The Man in the High Castle by Philip K. Dick
My rating: 2 of 5 stars
Allow to begin by saying I love Philip K. Dick as an author. He is responsible for some really thought-provoking works of literary art. He is the author of some true sci-fi classics such as Do Androids Dream of Electric Sheep? and even some of his lesser known short stories are wonderful. Now before you attack me for only pointing out his famous works, I have read a number of his lesser known stories…
Dick, however, is also a very prolific writer. He seems to have a pretty good number of both AMAZINGLY OUT OF THIS WORLD creations and so-so stories. For me, The Man in the High Castle is one of his more mediocre works.
I first took up The Man in the High Castle because of the upcoming Amazon series based on the work. I loved the pilot, as did many other people across the internet world.
The book does offer the typical otherworldlyness of Dick’s novels. And, he plays on his themes about the nature of reality. In some ways, his themes are more accessible because he grapples with the idea using the backdrop of post-WWII America. Although the Axis Powers have won the war, Dick is not transporting readers to another planet or even to thousands of years in the future. Perhaps that is what falls short for me. I never felt truly captive to the alternate universes Dick creates in many of his stories.
I still love Philip K. Dick and his a Grand-Daddy in Sci-Fi literature. But for me, the book was not on par with some of his other great works.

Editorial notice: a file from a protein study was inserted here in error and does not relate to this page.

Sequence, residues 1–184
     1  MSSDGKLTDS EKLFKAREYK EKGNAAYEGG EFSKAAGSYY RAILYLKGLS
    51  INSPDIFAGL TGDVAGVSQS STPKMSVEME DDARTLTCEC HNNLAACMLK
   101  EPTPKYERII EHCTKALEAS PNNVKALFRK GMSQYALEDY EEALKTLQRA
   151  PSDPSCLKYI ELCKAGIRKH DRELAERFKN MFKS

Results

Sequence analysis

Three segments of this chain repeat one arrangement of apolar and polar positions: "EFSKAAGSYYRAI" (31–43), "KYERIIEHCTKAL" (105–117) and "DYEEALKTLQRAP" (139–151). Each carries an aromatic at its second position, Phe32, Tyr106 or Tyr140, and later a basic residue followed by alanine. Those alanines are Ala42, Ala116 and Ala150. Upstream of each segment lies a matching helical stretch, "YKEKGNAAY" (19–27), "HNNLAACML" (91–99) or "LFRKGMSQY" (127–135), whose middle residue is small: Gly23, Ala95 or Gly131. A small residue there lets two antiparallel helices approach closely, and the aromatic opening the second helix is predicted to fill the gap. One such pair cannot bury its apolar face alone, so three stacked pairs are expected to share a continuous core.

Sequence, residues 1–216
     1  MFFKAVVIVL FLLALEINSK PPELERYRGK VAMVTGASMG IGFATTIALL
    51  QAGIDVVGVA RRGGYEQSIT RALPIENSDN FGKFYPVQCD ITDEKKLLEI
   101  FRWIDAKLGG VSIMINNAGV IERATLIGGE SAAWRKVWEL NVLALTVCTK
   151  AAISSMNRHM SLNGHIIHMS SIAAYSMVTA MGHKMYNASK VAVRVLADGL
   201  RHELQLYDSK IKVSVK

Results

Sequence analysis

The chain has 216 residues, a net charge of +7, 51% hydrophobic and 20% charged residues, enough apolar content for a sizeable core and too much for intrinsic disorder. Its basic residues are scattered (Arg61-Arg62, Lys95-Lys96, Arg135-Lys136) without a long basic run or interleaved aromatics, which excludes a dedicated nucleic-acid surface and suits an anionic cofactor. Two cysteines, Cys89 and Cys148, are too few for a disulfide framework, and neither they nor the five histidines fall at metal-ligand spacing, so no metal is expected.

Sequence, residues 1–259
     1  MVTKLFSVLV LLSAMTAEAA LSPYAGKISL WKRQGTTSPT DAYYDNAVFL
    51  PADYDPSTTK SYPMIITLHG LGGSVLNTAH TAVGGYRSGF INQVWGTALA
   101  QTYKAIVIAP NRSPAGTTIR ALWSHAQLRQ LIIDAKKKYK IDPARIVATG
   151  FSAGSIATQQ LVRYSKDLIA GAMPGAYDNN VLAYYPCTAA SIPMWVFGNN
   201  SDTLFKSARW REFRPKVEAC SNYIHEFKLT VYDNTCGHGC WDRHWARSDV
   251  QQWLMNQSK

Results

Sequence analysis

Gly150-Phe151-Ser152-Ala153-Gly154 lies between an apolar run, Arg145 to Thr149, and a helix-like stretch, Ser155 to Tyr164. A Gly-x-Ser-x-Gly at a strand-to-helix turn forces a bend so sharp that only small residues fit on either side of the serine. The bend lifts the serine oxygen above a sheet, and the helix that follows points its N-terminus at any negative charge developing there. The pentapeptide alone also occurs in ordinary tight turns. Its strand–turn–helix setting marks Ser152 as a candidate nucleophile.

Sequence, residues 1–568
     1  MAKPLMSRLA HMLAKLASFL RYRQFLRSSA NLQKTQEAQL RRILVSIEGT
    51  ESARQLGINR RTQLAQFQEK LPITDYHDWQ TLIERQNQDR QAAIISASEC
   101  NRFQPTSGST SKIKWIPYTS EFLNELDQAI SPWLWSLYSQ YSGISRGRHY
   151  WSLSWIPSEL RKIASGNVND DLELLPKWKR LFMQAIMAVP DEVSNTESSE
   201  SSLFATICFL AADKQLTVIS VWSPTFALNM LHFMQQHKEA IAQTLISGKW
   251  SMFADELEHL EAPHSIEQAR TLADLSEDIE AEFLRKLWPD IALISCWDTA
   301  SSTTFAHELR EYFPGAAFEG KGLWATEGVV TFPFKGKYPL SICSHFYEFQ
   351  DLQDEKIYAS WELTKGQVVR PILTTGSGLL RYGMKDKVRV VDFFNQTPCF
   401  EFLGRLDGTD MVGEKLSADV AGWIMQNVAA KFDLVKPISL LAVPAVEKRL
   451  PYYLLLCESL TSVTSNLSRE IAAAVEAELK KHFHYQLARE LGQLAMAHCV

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Secondhand Souls by Christopher Moore
I went through a phase where I was a big Christopher Moore fan. He certainly has a certain reverent style that lends itself to guilty humor. At this point, I lost track of how many of his books I’ve read. Although, I haven’t read one in years.
I briefly flirted with reading his Merchant of Venice to be right but couldn’t finish it.
But when it came to Second Handsouls, I decided to give it the old college try. I very much enjoyed the first Grim Reaper book which Christopher Moore wrote almost 10 years ago. That was my first experience with Mr. Moore’s writing style and I did quite enjoy it.
Second Handsouls is a sequel that picks up where the previous Grim Reaper book left off. Much like the first book this one is full of silly one liners and ironic comments on the state of modern American affairs. There’s nothing overly political and most of it makes fun of cultural norms.
All and all it’s a typical Christopher Moore book and if you like the style you like the book. I’m not sure if it’s just that I’m getting older but I didn’t enjoy this novel quite as much as I enjoyed some of the previous ones. Perhaps my taste or raunchy humor is ebbing with my years.
I did sincerely enjoyed the cameo stories Mr. Moore crafted of the trapped souls’ lives. I wish the book had more of them. From the baseball player to the vet all the stories were interesting and entertaining. I’d love to see a collection of life stories from the trapped souls.
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